Meanwhile, nurses who are lucky enough to have access to U.S. government-approved N95 respirators have been instructed to re-use them, often so many times that they’re barely effective anymore. The government said earlier this month it has only 1% of the 3.5 billion N95s it would need to fight this virus. That isn’t enough.

3M, the major manufacturer of these masks, has pledged to produce more than 1 billion N95s by the end of the year. Yet in the meantime, the government and hospitals have been slow to allow other respirators onto the market, like the Chinese KN95, which may not meet FDA regulations but offers comparable levels of protection, and is certainly more effective than a piece of cotton or gauze, let alone a bra cup.

These other respirators are available, and nurses need them now, according to people on the front lines. But many hospitals are too spooked to buy respirators unless they’re manufactured by 3M, Honeywell, or a smattering of other companies who have paid for the FDA to certify their Chinese factories.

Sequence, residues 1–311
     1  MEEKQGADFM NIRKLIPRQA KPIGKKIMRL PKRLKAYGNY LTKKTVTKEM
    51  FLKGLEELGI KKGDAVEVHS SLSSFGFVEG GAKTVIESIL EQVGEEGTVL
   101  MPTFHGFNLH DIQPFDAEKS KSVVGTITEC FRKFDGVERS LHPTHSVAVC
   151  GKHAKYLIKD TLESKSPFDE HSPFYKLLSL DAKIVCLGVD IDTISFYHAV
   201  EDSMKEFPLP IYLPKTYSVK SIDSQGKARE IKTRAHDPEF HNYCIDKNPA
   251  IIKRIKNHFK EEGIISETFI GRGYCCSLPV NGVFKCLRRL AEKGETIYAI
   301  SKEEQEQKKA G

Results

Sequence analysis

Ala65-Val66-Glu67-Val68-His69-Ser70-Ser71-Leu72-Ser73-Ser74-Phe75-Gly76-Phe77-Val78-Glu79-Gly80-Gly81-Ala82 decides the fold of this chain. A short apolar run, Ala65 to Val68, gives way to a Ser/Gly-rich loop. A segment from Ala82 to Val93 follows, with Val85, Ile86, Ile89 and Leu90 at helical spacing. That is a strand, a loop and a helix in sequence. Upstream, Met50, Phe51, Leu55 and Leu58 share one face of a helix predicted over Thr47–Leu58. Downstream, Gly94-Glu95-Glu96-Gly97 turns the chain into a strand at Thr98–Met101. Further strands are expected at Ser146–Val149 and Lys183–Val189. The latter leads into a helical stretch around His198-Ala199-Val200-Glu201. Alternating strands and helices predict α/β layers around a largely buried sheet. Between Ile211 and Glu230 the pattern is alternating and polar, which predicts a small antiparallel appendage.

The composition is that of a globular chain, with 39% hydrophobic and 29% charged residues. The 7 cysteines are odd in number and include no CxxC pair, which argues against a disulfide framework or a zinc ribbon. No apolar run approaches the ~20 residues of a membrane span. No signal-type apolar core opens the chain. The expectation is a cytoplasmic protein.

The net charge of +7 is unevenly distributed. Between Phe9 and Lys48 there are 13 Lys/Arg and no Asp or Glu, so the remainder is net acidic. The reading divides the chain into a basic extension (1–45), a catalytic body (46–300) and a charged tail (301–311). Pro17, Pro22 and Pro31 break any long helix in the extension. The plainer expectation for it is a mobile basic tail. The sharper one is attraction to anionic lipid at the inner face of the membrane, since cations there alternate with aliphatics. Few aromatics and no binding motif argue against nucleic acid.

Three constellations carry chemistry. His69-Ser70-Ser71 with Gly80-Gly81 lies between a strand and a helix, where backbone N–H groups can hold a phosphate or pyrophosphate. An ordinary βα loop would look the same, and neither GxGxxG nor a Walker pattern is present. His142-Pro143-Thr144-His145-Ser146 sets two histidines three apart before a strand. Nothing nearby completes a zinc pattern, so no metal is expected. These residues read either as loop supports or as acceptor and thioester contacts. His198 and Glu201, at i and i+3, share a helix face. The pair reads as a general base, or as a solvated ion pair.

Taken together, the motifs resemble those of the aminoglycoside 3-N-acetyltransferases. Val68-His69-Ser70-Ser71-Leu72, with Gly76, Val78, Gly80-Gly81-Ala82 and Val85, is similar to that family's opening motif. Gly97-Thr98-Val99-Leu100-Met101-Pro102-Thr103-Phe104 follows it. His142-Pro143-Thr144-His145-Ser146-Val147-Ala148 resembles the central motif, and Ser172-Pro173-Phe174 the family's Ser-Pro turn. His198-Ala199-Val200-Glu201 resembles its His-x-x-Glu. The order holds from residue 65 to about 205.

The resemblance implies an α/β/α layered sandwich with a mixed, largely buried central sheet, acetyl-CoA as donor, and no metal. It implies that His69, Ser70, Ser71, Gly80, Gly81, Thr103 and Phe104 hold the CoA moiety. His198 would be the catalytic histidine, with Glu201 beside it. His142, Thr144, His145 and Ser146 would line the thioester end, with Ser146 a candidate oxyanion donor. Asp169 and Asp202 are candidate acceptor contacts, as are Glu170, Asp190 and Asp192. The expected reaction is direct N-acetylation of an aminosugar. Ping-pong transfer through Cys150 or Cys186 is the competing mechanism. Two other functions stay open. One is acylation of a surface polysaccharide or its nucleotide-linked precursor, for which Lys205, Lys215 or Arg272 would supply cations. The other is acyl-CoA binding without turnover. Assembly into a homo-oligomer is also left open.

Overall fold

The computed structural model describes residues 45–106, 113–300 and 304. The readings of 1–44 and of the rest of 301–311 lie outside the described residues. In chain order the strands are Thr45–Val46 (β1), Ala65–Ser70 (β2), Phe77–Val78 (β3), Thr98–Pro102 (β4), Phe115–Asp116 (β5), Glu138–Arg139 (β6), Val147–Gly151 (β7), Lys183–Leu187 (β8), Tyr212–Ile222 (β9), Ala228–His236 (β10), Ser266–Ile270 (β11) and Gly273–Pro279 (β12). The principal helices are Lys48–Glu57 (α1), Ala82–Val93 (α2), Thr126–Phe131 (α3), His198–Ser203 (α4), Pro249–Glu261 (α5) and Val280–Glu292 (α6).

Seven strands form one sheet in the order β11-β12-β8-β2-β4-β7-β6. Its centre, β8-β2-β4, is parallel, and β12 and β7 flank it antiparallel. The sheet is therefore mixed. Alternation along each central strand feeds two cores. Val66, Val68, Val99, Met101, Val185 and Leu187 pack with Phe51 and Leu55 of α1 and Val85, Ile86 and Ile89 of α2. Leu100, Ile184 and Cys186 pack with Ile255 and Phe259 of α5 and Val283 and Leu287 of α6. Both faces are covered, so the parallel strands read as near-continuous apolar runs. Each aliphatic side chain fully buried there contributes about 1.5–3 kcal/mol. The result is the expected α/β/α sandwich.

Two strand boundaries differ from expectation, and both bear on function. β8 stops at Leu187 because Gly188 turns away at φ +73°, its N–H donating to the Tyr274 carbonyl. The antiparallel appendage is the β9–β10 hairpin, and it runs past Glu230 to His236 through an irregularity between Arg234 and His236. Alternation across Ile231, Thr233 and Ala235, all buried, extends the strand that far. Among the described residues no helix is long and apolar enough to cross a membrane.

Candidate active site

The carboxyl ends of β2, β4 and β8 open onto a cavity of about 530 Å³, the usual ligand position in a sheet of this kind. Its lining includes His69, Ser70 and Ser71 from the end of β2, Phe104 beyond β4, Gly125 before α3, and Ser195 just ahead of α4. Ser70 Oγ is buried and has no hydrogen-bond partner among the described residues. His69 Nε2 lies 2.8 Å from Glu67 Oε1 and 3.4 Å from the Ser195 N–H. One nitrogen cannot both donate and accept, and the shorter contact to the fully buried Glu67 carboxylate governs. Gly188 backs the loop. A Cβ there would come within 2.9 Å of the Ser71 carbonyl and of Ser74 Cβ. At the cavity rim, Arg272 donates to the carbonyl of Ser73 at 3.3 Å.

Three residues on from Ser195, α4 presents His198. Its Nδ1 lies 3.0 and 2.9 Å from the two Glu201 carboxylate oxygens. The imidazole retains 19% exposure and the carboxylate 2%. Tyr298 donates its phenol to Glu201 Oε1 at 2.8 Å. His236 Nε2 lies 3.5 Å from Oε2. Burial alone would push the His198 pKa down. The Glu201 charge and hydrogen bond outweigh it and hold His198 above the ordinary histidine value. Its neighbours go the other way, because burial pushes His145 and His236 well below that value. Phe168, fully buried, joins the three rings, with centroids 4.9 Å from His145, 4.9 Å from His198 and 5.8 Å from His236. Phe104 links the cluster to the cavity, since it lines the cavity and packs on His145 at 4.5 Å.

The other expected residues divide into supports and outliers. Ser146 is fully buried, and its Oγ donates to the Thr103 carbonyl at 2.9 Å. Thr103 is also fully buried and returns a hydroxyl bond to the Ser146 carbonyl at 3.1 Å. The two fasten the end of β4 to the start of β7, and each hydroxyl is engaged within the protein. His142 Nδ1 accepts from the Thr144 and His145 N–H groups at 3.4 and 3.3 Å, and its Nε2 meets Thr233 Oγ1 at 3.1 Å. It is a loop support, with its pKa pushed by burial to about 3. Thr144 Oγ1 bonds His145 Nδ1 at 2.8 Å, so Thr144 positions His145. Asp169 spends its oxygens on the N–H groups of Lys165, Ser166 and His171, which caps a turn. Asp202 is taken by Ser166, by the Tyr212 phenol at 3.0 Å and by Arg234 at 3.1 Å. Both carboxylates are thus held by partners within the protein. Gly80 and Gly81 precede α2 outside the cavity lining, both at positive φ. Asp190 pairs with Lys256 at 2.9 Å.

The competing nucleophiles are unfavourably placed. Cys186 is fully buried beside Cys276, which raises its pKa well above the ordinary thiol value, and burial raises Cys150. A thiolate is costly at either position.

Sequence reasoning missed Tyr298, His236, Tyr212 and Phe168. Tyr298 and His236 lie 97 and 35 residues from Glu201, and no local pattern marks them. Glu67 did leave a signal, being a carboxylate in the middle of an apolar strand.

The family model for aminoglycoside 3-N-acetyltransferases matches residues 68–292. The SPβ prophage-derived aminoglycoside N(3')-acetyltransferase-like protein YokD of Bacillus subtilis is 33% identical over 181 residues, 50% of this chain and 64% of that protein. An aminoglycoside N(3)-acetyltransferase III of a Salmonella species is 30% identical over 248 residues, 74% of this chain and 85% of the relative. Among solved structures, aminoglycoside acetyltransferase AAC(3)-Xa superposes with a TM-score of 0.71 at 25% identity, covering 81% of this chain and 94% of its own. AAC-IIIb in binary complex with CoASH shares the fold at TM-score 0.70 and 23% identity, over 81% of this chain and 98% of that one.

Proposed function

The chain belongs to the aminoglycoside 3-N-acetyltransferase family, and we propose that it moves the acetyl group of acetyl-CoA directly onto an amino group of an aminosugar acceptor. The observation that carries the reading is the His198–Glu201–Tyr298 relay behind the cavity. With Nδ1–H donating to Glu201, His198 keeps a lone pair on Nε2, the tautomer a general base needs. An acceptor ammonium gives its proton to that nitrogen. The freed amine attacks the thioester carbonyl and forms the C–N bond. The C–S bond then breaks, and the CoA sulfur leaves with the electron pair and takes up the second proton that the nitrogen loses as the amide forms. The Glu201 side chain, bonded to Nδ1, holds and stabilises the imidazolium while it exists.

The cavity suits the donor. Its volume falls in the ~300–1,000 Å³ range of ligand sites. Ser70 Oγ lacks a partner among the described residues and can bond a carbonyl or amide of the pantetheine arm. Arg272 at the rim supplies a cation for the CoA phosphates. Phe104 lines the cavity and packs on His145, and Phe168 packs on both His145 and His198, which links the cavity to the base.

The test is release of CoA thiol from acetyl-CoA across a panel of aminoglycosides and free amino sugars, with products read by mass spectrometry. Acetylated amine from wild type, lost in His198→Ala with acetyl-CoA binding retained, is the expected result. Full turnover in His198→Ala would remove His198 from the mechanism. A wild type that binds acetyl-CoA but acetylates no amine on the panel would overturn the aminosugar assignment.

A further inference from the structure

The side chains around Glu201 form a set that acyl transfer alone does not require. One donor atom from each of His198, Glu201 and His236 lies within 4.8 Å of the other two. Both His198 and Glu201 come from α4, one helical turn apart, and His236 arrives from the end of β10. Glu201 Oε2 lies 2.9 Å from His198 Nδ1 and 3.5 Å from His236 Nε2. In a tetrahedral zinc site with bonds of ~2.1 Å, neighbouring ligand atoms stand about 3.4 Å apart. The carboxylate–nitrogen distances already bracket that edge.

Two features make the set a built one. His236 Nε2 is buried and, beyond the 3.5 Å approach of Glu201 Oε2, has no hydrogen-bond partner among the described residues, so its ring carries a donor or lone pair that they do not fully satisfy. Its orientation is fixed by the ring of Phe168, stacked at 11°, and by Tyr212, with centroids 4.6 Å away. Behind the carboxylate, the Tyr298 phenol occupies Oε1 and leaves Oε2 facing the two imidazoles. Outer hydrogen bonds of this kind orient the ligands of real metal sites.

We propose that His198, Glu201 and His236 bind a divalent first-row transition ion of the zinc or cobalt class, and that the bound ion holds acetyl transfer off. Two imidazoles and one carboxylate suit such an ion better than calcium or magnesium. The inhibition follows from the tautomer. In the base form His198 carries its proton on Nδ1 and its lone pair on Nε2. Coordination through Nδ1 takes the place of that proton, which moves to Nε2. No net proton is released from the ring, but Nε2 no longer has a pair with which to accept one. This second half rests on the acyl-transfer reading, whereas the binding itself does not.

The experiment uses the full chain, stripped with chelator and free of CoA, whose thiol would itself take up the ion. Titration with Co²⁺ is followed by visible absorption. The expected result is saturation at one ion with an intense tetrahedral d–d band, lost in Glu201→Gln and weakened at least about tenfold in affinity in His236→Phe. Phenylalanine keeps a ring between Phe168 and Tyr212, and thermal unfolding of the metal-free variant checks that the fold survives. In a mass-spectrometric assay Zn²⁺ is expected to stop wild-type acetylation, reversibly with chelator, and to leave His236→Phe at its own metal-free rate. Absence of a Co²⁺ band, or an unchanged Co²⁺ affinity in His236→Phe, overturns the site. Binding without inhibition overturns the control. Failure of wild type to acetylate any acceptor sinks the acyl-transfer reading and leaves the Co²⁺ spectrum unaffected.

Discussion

“The rest of the world finds it perfectly acceptable to use these masks, but not the United States because the FDA fairies haven't gone and blessed it,” said Matt Wolf, a Los Angeles-based tile importer, who has been trying to use his China connections to funnel masks to hospitals. “Those were the same masks that were able to get China healthy during COVID-19. Same exact thing, and yet the hospital administrators are saying, ‘Oooh, I don't think we can take those yet.’”


How the N95 became the standard

Prior to the 2000s, it was common for frontline health care workers to wear only surgical masks. Largely spurred by the fear of tuberculosis, regulations started to change, said Linda Rosenstock, who oversaw regulations mandating N95 respirators in health care settings as the director of the CDC’s National Institute for Occupational Safety and Health under President Bill Clinton.

“We just said, ‘No, healthcare workers are our frontline emergency responders and they're too vulnerable with that. It's just not meant for that job,’” she said. “The battle then was our fellow scientists thought we were being overly protective of workers and that they were fine.”

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In a cruel twist of irony, N95s are in short supply now, and those very regulations meant to protect health care workers are leading to an environment where those floppy surgical masks are the only thing between nurses and the coronavirus. Rosenstock agreed that, absent sweeping federal action to ramp up N95 production, these other respirators are a better choice.